It came as a big surprise for MBS players last week when Freddie Mac announced that it would be changing its prepayment accounting from a mid-month cycle to a calendar-month cycle.
Analysts say that though this would have positive long-term implications, short-term concerns are going to plague the market.
"These guys woke up today and all of a sudden their bonds were a few ticks less then they were yesterday," said a prepayment analyst.
Because of the change, the July 15, 2001 payment will incorporate all principal prepayments from May 16 to June 30, thus investors will be receiving 46 days of prepayments as opposed to the normal 30-31 days. However, the August 15, 2001 payment will reflect prepayments for the actual calendar month of July, and succeeding monthly payments will pass through prepayments for previous calendar months.
"The key impact on investors is that the prepayment paid out on July 15 will be about 50% larger than previously expected," said Art Frank, head of MBS research at Nomura Securities.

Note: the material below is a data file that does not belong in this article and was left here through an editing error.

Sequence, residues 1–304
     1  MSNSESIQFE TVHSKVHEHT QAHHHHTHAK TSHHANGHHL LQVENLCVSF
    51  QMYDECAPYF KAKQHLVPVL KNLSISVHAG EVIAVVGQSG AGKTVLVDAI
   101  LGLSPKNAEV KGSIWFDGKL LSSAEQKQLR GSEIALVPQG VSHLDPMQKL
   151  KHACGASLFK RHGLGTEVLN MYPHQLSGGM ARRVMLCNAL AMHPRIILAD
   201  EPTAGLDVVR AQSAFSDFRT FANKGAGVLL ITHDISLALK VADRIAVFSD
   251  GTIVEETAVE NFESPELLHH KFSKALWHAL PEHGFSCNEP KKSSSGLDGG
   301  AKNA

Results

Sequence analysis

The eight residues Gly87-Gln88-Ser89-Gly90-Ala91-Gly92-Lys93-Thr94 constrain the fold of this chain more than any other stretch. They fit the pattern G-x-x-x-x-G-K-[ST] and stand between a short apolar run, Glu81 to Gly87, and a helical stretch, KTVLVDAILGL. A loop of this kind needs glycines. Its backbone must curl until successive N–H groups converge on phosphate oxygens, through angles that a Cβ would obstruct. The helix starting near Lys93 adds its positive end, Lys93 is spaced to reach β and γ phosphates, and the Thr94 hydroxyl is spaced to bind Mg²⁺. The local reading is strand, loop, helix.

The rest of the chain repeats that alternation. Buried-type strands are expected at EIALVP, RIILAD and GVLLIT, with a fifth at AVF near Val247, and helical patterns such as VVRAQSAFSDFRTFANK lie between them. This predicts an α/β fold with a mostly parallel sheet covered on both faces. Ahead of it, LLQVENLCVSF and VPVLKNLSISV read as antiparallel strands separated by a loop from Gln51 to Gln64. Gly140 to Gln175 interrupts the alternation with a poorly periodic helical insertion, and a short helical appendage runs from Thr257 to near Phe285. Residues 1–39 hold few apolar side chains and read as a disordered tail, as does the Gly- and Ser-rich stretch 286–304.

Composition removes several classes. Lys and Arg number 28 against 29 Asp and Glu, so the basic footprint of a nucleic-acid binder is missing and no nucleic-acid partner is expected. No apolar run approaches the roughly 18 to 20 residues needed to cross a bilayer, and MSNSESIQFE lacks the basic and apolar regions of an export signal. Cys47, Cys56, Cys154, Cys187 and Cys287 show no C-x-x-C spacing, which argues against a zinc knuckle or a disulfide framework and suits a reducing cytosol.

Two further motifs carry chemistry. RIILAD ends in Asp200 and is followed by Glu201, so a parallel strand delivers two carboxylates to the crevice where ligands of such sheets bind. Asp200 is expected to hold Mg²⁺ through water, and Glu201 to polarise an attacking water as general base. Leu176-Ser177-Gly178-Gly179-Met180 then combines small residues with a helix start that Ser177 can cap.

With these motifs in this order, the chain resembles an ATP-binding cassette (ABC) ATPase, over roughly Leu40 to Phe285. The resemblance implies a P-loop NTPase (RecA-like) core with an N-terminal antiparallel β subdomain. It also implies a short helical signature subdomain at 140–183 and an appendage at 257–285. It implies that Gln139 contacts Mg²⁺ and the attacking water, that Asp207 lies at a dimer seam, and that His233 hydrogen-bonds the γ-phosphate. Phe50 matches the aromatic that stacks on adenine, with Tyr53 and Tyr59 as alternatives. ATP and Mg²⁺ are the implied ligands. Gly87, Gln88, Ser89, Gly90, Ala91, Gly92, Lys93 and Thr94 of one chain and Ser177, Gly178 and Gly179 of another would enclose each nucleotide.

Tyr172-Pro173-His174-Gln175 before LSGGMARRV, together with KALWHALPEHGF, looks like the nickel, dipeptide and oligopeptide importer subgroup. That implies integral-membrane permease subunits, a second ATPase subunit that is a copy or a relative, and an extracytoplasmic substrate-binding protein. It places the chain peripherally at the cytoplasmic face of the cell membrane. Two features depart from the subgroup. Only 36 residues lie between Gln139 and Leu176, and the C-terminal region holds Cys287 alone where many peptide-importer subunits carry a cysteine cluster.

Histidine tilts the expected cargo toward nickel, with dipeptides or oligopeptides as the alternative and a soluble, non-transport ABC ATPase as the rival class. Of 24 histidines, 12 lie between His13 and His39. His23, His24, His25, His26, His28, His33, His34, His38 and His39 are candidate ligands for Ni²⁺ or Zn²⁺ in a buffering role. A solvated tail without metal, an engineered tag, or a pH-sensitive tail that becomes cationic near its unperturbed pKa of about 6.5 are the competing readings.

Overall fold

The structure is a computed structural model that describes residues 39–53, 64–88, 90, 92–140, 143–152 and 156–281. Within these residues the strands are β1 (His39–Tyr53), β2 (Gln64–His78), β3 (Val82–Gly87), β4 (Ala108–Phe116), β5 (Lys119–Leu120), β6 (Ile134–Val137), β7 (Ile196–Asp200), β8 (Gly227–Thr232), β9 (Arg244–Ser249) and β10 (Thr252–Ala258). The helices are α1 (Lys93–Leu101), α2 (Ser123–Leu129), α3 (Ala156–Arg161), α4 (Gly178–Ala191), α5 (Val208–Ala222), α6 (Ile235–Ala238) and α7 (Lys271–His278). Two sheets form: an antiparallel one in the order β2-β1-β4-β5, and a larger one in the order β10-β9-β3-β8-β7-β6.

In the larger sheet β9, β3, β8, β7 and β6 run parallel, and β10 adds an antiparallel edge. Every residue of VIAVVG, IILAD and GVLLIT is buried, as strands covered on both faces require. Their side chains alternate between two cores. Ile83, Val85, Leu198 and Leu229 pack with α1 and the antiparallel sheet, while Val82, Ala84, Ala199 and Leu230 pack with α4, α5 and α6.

Interest-only (IO) holders, who in general are hurt by fast prepayments because they lose future income, will be among the hardest hit.
"For example, in June we are expecting Freddie Trust 209, backed by 2000-production Gold 7.5s, to prepay at about 6% Standard Monthly Mortality (52.4% CPR)," said Frank. "With this change we now expect it to prepay at about 9% SMM (52.4 CPR) for this month only. The additional negative carry on the Freddie Trust 209 IO for this one month is about 3/4 of a point."
Benefits of the arrangement
According to a UBS Warburg report, Freddie Mac has implemented this change to cut on the coupon they have to pay bondholders every time a prepayment occurs.
Experts say that in the long run, the change is good for the market.
"The accounting changes will improve the homogeneity of conventional passthrough product, and may very well increase Gold liquidity," said UBS.
In the meantime, the Bond Market Association is working to iron out the kinks.
Nomura's Frank said that the Association's Trading Practices Committee is now discussing whether Gold pools issued before September 1, 1995 (Freddie Mac is only revising its payment cycle for fixed-rate Gold PCs that came out since this date) should be allowed as good delivery in TBA trades.
Representatives from the Association declined to comment.